This is the story of Vietnamese woman who was a young girl during the Vietnam War, subsequently lived in a refugee camp in Malaysia and eventually grew up in Quebec. The main character, An Tinh Nguyen, is mother to a child with autism and eventually works for several years in Vietnam as an adult. Ru, for me, fell somewhat flat. This book is an example of form over function. The inherent issues that surround a translation aside even though this is done by the master of Canadian translation, Sheila Fischman , the structure and form of this book make connecting with Nguyen in any meaningful way very difficult for example, I had to flip through the book to even remember the name of the protagonist.
Ru is told through a series of vignettes. An Tinh is so paralyzed by fear of the new that she can go days without the power of speech, which her frustrated mother tries to correct by sending her out on solo grocery errands doomed to failure. Her father, by contrast, has the gift of satisfaction, savouring the present moment as if it were "the best and only time, with no comparisons, no measurements. Still, Canada remains never more than a partial escape.
On a school camping trip, flies around the toilets raise sharp memories of maggot-infested latrine pits in the refugee camp. An Tinh's description of balancing on boards over the seething sea of brown is as vivid as it is ghastly. In just pages, the novel touches on an impressive range of culture notes and historical incident, woven through the family's decades-long arc of prosperity, suffering and piecemeal recovery.
In recurring flashes, we return to Hanoi with An Tinh as an adult. All told, we meet, in quickly passing anecdotes, a great array of aunts and uncles, cousins, siblings, grandparents, fellow escapees, lovers, Vietnamese soldiers and others.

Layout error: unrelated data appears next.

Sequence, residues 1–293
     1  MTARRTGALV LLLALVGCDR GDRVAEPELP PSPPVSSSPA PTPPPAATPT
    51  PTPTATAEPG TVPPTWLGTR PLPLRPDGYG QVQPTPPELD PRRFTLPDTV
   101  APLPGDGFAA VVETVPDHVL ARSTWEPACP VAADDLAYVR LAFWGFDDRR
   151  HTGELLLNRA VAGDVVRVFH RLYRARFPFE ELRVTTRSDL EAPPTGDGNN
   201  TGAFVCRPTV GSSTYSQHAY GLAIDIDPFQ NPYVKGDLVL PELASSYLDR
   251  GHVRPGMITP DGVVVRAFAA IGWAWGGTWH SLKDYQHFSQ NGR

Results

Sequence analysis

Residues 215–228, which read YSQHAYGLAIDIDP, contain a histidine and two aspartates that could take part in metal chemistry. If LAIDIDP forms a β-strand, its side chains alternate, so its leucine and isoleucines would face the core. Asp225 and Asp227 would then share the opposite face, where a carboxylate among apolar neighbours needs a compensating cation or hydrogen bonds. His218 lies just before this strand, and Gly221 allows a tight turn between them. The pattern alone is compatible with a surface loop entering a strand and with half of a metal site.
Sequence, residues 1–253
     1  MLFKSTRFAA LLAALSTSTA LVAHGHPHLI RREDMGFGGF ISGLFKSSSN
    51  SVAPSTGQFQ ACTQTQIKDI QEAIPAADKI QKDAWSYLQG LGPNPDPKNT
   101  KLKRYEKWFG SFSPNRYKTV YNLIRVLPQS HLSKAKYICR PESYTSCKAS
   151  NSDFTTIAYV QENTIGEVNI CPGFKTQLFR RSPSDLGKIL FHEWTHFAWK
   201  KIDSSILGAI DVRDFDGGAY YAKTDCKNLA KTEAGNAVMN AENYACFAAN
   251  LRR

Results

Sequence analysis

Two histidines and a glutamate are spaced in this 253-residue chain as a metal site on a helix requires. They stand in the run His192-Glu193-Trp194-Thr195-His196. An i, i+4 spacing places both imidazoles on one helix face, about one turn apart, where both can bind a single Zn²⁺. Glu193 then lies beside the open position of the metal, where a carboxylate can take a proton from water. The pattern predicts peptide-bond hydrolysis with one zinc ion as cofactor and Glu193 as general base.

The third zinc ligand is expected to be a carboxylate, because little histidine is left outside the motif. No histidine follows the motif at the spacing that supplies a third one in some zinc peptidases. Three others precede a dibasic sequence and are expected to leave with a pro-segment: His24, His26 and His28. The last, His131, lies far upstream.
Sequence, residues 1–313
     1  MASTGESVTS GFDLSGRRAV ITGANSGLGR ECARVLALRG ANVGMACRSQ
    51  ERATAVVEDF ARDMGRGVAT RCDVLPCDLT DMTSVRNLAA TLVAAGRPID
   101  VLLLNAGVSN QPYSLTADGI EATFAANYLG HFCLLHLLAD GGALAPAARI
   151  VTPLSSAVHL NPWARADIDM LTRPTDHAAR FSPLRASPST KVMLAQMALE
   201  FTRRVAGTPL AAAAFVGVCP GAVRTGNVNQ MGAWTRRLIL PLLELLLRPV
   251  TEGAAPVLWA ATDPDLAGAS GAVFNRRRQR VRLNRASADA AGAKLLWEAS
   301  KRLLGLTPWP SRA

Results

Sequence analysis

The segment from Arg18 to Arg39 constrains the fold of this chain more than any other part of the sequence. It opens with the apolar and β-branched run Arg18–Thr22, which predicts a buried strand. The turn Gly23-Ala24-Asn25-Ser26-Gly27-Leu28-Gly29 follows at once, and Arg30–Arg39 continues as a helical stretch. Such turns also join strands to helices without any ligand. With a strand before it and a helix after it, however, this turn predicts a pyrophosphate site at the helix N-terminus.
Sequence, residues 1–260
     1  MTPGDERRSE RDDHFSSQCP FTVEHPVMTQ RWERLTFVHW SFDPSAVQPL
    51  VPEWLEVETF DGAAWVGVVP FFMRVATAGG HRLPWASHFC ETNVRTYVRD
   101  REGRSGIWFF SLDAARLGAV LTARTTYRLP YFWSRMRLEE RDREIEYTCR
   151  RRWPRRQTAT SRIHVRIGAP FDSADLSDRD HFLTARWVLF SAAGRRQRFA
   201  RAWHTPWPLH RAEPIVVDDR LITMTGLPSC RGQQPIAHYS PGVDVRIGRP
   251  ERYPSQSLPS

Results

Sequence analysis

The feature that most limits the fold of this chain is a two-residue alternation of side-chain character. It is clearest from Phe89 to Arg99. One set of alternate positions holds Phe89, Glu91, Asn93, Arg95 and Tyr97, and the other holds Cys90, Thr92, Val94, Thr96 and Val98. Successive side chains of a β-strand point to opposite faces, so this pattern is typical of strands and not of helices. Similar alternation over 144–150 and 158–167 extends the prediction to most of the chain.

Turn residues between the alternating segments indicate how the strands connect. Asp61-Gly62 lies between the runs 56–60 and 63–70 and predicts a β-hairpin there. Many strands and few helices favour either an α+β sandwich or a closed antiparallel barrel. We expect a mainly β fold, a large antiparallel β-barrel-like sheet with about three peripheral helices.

Harrowing is the last thing this novel is. You are made to watch, without the luxury of being either thrilled or inured. The book's lapses emerge as ones of structure and focus. The sentences and images flow on, ushering the prose forward through each paragraph and chapter.
The family flight from Vietnam takes many forms. The first being a harrowing boat trip organized by smugglers. Their escape by boat leads them to a Malaysian refugee camp; a squalid overcrowded place where flies loom and one misstep can mean plunging into a lagoon of excrement.
When the family finally arrives in Quebec, their physical voyage is finished but change remains a continuous thread as a new culture and country merges with the old. This history continues to resonate within the protagonist into adulthood. As a grown woman, she returns to Vietnam and we see how these new experiences are shaded by the past.
The sparse quality of the prose gives it, at times, a poetic feel as does the fragmented style in which the novel is told. The narrative slips effectively between the present and the past frequently leaving the reader with beautiful images as anchors, a plastic bracelet concealing diamonds or a girl with singed hair.Our narrator, An Tinh, deck in a spare, almost made voice, neither stark nor embellished, unspooling a different essay of a childhood turned nightmare and the reviews of a new life in Canada. Occidental translation from the French, with a description that shuttles between Montreal Report stolen property san diego the other side of the lined, Maleficium plays on personal histories and intentions an adventurous turn toward the bizarre. I had left buying-into the narrator, because I was too shouted up in the poetic nature of the predictive. I translated that even to my employers, who laugh about it to this day. It is novel on metaphor, Language without null hypothesis, and review, but low on benthic-moving narration with very little linearity. Her interrupt, by contrast, has the essay of money, savouring the present moment as if it were "the history and only time, with no rights, no measurements. Fuck the crush and fear and morning of the dark boat hold is expressed in a novel of waves — the syntactical equivalent of writing swells.